OK... so I had locations for the first two parts of this multi-cache. Now I needed a location for the third. Again I wanted it to be an equal distance from the first two caches. As the first two caches were placed symetrically on the map, it was obvious that a third cache, placed an equal distance from each of the first two caches would lie on a direct line between the reference points for the first two caches. That is to say; it would lie on the diagonal line between the bottom left corner and top right corner of the map sheet 193. There were numerous possible cache locations along this line but after checking them all out, only one was really suitable. This was some nine and a half kilometres from each of the first two caches. Having fixed the location of the third cache, I could now plant all three. The first two each contain a laminated card that gives their own grid reference and the direction and distance to the third cache. It also tells you to remember a number but not why; that comes later. All three containers are sprayed up black and dark green (see first photo) to make them a little less conspicuous.
The wood that contains the final cache     Cache 1 was placed in a hole at the base of a tree on a river bank. I think it's a willow tree but I'm not exactly sure. I do know that it's leaning over at quite an angle and it's just a few yards upstream from a small wooden footbridge over the river (see second photo).
     Cache 2 was also placed in a hole at the base of a tree. In this case, an ash tree standing alone beside a bridle path. The hole was quite deep so the cache is attached to a small, dead branch by a length of 'para-cord' (see third photo). This effectively stops the pot from falling out of reach (I hope).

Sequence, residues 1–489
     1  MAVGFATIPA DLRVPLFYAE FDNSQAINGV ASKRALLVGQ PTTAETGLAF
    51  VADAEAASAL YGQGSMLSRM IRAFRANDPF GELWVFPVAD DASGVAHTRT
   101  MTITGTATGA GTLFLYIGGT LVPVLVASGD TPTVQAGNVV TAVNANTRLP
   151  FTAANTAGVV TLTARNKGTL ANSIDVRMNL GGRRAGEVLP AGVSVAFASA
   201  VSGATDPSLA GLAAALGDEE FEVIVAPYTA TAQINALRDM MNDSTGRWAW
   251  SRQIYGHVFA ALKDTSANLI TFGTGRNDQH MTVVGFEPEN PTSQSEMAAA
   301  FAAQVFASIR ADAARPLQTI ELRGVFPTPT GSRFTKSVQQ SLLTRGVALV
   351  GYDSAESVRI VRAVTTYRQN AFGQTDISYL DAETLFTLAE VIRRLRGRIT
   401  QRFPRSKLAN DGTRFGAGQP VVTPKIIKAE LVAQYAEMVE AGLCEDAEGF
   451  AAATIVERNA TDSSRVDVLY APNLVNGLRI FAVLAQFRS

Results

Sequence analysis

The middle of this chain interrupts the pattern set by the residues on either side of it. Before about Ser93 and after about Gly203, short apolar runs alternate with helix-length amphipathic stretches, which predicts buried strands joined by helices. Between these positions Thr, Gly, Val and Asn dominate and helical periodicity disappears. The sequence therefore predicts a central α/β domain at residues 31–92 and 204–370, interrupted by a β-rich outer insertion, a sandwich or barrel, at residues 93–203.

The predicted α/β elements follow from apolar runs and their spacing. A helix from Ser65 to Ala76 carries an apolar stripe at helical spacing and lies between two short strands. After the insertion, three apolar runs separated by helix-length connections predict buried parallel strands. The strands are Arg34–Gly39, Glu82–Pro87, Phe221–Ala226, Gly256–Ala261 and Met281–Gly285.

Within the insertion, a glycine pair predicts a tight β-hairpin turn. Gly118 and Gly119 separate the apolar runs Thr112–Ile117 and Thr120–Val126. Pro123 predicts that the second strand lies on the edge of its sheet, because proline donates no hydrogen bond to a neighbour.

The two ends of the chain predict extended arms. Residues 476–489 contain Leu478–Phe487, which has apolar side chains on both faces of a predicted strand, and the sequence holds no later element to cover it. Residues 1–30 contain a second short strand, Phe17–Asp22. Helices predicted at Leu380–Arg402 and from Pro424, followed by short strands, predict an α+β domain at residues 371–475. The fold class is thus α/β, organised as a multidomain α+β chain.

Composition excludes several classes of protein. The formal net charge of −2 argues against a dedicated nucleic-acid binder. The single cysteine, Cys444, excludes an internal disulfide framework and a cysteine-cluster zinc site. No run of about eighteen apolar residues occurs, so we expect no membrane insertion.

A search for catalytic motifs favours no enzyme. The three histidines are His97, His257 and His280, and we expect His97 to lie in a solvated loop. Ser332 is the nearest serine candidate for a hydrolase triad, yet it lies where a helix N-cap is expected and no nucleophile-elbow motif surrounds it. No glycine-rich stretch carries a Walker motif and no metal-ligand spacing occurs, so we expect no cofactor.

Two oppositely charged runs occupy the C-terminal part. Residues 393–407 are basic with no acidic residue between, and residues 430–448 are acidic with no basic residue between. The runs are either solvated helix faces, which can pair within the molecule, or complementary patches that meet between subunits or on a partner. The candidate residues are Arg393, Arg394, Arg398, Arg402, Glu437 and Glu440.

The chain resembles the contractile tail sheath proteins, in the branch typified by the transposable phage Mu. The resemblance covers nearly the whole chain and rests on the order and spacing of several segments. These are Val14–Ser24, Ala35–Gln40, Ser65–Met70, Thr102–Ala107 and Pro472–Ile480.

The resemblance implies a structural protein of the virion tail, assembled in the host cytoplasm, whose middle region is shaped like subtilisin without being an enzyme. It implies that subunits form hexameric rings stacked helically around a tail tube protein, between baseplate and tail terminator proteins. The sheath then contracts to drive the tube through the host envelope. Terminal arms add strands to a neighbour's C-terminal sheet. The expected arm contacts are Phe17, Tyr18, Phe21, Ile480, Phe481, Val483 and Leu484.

I've also left a notepad and pencil in each of the caches so that anyone who comes 'unprepared' can make a note of the information and won't be tempted to take the laminated card. The actual location of the third cache can be calculated in exactly the same way as the first two. For those that still don't understand, the solution can be found here. Using these solutions, effectively reduces the difficulty to 1 star per cache.
     Cache 3 is a rectangular plastic box with a 'locking' lid and is placed at the base of another ash tree beside a footpath. The fourth photo shows this location. It was taken from out in the field to the right of the footpath. It's not in a hole this time, just out of sight behind the tree and covered with grass and twigs.

Final cache location     OK... So far it's all been very straight forward. "Where does the 'treachery' bit come in?" I can hear you ask. Well it's here.... this isn't the final cache. This box just contains a Zip-Loc bag which in turn contains a number of envelopes. Take one and replace the cache. Printed on the envelope are the co-ordinates for the final cache. Don't open the envelope.... it contains two photographs which will help you to locate the final cache but you shouldn't really need them. It's not that difficult to find but it is just over 5km away as the cod swims so you need to get back to your car.
     The final and it really is the final cache is hidden in a wood. There is parking at the start of a bridle path (The Hertfordshire Way) at N51 57.737'  W000 09.872'. From there follow the bridle path north. You might be tempted to take a short cut by turning left and following the track along edge of the crop field (see photo number 5) but this isn't strictly a public right of way so you do so at your own risk. You will also come up against an almost impenetrable mass of brambles in the summer. Follow the bridle path until it runs alongside the north-eastern edge of the wood and then follow the track down the northwest edge of the wood. You will find the cache beneath the usual 'forest debis' at the base of a hazel bush with a distinctive, star shaped stump in front of it (sixth photo). It's a small ammunition box that is locked with a combination padlock... more treachery. You were told to remember a number; this is why.
     So... that's it, Trigonometry, Triangles and Treachery. I hope you enjoyed it. I certainly had a lot of fun setting it.


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Last updated 18.9.2004